I’ve been wondering what the 4th of July could mean this year, given all we’ve been through. I decided to do some reading.
I started with First Principles: What America’s Founders Learned from the Greeks and Romans and How That Shaped Our Country, by Thomas E. Hicks. After the presidential election of 2016, Hicks, a military historian, sensed our core values were being challenged. He decided to take a fresh look at our origins. The book gave me new appreciation for the character, complexities and contributions of Washington, Adams, Jefferson and Madison. But it also added complexity to the story.
While praising the virtues of our founders, he lists issues where, in retrospect, they fell short: “Third, and most troubling, was their acceptance of human bondage, which would prove disastrous to the nation they designed. Often seeing it as part of the natural order, they wrote it into the fundamental law of the nation, so sustained a system that was deeply inhumane and rested on a foundation of physical and sexual abuse, including torture.”[i]
“Some of George Washington’s “famous false teeth,” notes the historian Henry Wieneck, came from enslaved humans, and had been pulled from their living jaws.”[ii]
At Jefferson’s Monticello, “A small boy being horsewhipped by a visitor was just part of the background of the bustling plantation scene.”[iii]
In late 1775, Lord Dunmore was the British Royal Governor of Virginia. Knowing the colonists were getting close to rebellion, he “…issued a royal proclamation declaring martial law and promising freedom to slaves who joined the royal forces. This concern about freeing the slaves, concludes the historian Jill Lepore, was the factor that, more than issues of taxation and representation, or the fighting in Massachusetts, tipped the scales in favor of American Independence.”[iv]
Of the four founders, three were slaveholders, and only George Washington freed as many as he could in his will.
When I finished First Principles, I wanted to learn more about the experience of slavery.
I read Underground Railroad, by Colson Whitehead. It portrays the struggle for freedom of a young woman born into bondage. It’s a compelling story describing the brutality, torture, sexual abuse, degradation, daily fear, and family chaos of her life, and the casual disregard shown by most whites. And it also illustrates the tenacity and courage of someone knowing they deserve to be free.
I have always felt deep respect for my own ancestors and what they endured as immigrants, and I always will. This book made me realize how the challenges they faced, while very real, were a world apart from the suffering of African Americans.
Now I’ve started Frederick Douglas, Prophet of Freedom by David Blight. I’ve always heard about Douglas, but never took the time to discover his story. His father was most likely the white overseer at his childhood plantation who routinely raped and beat slave women, including his mother, who was taken from him at an early age. But he learned how to read – a dangerous thing for slaves – and his brilliant mind began grappling with the cruel paradoxes of America. In a church in Baltimore, he heard a message of faith that he realized applied to all human beings, not just whites. He escaped and became one of the most eloquent and impactful figures in American history.
Our history is a harsh reality. How do we deal with it?
Last week I introduced Parker Palmer’s concept of the “Tragic Gap,” and how it can apply to our personal lives. I believe it’s also a helpful way to look at our shared American experience.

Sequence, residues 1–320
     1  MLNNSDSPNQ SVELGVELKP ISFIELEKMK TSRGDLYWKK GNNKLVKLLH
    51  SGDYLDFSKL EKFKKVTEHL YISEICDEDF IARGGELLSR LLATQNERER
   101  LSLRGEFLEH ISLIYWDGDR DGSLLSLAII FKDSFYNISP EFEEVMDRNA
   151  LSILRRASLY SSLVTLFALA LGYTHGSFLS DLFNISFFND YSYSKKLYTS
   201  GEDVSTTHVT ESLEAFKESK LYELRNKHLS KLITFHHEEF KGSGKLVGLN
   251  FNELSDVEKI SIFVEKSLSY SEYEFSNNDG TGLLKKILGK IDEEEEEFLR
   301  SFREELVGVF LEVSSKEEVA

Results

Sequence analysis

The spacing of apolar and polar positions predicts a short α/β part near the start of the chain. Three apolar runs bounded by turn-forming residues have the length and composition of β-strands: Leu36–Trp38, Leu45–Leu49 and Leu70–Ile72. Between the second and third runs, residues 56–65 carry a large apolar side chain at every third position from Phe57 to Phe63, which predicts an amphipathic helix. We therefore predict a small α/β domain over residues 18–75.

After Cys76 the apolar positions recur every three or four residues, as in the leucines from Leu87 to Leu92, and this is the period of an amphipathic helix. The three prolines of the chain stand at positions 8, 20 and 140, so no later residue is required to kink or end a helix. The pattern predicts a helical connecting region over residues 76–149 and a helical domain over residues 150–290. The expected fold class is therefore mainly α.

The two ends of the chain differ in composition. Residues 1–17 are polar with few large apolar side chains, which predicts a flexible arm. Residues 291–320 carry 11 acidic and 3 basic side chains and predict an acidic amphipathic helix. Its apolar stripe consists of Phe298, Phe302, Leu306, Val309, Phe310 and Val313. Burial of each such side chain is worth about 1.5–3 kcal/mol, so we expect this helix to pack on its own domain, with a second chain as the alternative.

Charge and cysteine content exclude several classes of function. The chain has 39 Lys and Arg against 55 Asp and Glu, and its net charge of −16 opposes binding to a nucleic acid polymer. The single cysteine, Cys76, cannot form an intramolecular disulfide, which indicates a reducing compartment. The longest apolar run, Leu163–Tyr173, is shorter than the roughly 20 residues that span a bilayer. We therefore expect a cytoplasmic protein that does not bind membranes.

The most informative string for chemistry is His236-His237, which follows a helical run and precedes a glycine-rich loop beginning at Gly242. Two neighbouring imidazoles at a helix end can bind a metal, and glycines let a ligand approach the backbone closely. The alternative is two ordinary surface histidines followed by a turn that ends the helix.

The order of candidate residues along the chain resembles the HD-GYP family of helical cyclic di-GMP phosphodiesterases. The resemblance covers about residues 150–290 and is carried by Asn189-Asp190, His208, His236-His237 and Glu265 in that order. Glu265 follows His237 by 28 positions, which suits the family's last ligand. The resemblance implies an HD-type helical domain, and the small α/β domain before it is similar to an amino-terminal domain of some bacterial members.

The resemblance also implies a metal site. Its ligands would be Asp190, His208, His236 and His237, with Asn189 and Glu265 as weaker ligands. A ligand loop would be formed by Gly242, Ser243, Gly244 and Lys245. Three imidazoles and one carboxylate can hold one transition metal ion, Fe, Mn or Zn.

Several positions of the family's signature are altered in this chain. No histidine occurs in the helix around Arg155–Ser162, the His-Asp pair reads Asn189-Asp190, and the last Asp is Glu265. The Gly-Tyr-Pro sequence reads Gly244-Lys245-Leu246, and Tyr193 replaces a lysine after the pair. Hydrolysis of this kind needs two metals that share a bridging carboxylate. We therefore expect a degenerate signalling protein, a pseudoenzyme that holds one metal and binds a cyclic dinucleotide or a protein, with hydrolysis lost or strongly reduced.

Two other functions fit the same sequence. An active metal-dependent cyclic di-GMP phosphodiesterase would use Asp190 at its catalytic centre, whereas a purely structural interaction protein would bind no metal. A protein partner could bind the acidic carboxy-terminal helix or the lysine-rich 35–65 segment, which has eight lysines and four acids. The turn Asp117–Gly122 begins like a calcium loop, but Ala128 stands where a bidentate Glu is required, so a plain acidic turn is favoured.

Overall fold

America certainly began with high ideals, truly revolutionary for the time. But our story has been complicated from the beginning. We make some progress, but then discover new reminders of how we fall short.
We can experience two temptations. One temptation is to become so defensive of the ideals that we don’t want to acknowledge anything that challenges them, a state he calls “irrelevant idealism.” On the other hand, we can become so discouraged we descend into “corrosive cynicism,” giving up on the hope for any progress.
But we can find that third way by learning to stand in the “Tragic Gap.”
Standing in the tragic gap means we are still devoted to the ideals but have the patience and fortitude to deal with hard realities as they emerge.
It helps to remember times in which we have seen light come out of darkness.
We can see the harsh realities of war in every generation. But we also know that war and conflict can be followed by peace and reconciliation.
We regularly see examples of personal greed and exploitation. But we also see examples of generosity and sharing.
The COVID pandemic revealed a “harsh reality” of life around the world, creating great suffering. But it has also been a time when nations, communities and neighborhoods have learned how to cooperate in new and profound ways.
This spring I participated in a writing seminar on Zoom. One class member was an African American woman, recently retired as a Navy chaplain. At one point in a discussion, she said she has a quote from the writer bel hooks at the top of her computer screen: “How do we hold people accountable for wrongdoing and yet at the same time remain in touch with their humanity enough to believe in their capacity to be transformed?” She said this helps her persevere.
The harsh reality of racism continues to create seen and unseen suffering every day. But the dream of freedom and justice based on the inherent dignity of all human beings is alive. Living in the “Tragic Gap,” we can face the realities while holding on to the dream. John Lewis never gave up. Barack and Michelle Obama are not giving up. The many women and men of color elected to office are not giving up.
The dream lives and is worth celebrating.
[i] Hicks, pg. 11
[ii] Pg. .11
[iii] Pg. 11
[iv] Pg. 119